making an interesting image than shining even light at your subject. In most cases, even light falling across a subject eliminates all shadow and leaves the person or object in a photo looking flat. However, subtle shadows on one side of a person's face provide a sense of shape. And a beam of light shining into a room through a small passageway, leaving much of it in shadow, makes it look three dimensional. It's the way the light is used in
combination with shadows that makes a subject come to life.Aside from adding depth to imáges, shadows themselves can be the subject of a
photograph. There's something mysterious about a dark form. The viewer is left wondering about the person or thing casting the shadow. And shadows can be used to artistically fill in an otherwise empty space in a frame. Similarly, shadows create interesting architectural stripes and patterns that bring interest to a photo. Window frames and fences often cast long, bending shadows that change as the sun rises and sets. These shadows create the leading lines and curves that are essential to expert composition.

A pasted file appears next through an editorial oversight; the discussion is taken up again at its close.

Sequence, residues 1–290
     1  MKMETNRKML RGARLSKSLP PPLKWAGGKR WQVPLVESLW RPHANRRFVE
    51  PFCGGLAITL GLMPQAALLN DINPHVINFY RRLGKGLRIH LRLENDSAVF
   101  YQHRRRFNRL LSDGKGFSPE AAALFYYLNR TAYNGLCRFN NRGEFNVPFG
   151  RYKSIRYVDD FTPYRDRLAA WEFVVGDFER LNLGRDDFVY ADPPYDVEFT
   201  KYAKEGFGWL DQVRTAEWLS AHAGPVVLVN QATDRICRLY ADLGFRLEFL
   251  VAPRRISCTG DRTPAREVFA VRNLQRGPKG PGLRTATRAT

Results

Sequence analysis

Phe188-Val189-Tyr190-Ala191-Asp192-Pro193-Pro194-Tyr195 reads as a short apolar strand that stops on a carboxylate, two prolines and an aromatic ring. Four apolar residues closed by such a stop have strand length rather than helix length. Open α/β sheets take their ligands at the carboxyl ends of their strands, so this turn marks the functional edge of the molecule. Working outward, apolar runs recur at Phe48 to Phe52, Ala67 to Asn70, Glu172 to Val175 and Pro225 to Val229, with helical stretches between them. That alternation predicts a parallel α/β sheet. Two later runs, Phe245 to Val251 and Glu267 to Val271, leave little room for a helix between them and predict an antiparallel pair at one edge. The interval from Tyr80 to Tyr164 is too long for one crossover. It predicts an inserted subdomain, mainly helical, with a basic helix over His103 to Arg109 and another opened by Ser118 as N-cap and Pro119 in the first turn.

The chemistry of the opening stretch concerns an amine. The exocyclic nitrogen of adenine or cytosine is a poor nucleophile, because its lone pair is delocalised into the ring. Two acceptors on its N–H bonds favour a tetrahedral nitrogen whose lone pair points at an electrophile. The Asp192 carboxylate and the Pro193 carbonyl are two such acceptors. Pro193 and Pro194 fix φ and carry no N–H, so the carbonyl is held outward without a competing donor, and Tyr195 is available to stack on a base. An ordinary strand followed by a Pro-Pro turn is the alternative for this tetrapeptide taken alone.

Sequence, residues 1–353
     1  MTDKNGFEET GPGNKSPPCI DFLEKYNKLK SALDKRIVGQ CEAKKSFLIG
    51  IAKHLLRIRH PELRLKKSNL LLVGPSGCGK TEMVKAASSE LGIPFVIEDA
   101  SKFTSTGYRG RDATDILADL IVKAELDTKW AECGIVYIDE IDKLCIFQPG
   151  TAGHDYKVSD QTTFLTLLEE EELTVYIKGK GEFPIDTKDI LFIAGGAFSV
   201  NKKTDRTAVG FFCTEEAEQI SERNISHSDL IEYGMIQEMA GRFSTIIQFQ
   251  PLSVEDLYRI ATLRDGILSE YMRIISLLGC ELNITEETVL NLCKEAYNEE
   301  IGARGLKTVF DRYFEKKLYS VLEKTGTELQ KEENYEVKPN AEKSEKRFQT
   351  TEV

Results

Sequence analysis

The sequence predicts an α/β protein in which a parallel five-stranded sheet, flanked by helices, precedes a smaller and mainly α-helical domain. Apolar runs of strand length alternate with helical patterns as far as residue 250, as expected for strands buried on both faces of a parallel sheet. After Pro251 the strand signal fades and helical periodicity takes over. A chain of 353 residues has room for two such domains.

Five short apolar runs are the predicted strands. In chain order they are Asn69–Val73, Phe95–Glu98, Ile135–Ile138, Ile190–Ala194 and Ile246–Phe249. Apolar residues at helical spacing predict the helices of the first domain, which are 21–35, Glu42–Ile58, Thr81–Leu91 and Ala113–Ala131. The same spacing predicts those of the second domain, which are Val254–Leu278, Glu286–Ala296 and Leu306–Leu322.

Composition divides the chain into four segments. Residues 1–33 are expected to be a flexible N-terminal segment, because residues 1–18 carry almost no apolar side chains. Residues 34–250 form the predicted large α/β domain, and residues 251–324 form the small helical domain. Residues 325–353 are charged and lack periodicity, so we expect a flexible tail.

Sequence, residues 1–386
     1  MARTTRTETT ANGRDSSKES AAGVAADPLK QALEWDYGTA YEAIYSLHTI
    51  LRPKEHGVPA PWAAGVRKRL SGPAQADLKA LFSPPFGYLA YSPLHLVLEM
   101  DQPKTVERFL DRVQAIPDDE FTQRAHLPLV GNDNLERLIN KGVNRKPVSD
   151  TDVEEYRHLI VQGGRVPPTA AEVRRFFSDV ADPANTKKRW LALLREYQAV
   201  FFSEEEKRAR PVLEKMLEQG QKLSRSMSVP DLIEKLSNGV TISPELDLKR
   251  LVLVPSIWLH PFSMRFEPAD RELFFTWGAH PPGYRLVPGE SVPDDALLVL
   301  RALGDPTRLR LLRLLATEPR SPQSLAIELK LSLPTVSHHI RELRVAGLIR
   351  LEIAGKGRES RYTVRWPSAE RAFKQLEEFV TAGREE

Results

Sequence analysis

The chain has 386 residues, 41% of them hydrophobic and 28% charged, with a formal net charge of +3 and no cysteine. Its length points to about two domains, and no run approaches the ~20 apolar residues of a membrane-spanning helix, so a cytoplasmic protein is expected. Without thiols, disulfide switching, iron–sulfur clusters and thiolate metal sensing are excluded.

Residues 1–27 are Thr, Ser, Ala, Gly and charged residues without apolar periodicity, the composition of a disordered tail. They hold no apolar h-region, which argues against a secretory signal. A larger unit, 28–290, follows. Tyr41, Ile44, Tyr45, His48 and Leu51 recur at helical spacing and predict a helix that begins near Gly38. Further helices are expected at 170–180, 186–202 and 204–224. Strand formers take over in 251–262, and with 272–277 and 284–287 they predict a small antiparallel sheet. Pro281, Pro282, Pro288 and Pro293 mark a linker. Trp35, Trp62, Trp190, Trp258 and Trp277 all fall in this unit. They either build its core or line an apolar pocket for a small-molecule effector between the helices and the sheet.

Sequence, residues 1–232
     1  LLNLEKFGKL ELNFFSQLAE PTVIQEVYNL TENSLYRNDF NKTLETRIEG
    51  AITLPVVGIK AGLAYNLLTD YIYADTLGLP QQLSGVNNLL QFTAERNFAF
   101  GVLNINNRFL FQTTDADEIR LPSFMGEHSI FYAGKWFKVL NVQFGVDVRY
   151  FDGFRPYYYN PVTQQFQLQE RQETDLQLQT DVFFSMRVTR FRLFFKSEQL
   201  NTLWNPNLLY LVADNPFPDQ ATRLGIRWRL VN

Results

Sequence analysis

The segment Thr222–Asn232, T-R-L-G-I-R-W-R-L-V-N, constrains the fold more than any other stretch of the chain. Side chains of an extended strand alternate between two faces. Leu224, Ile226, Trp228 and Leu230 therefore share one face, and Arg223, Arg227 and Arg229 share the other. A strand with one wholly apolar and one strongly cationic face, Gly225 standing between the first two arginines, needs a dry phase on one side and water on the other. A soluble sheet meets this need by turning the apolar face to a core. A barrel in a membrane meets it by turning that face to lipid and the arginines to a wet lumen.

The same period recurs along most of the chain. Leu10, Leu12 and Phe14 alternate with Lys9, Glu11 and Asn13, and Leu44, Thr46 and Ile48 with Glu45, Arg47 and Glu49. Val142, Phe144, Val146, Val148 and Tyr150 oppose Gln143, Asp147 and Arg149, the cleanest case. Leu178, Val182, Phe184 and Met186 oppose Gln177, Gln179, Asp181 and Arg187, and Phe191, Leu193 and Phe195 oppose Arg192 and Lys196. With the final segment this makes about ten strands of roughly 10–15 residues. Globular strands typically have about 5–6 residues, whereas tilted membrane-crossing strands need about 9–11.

Not Just Cars
Cars are probably the first mode of transport that comes to mind when you think of transport
photography but there are plenty of other subjects that are worth a shot or two. Bikes, trains planes and boats can be slightly more challenging to capture but can produce good results. Trains are predictable as they have to follow a track, leave and arrive at certain stations and have a schedule they have to follow. Finding a spot to shoot from should be quite simple then all you have to do is perfect your technique. Most of us don't have to go that far to photograph boats. We are usually not a million miles from the coast, rivers with boats, canal and inland waterways or even water-sports centre to be able to photograph this form of transport.
For plane photography, airshows are probably the best place to perfect your technique and there's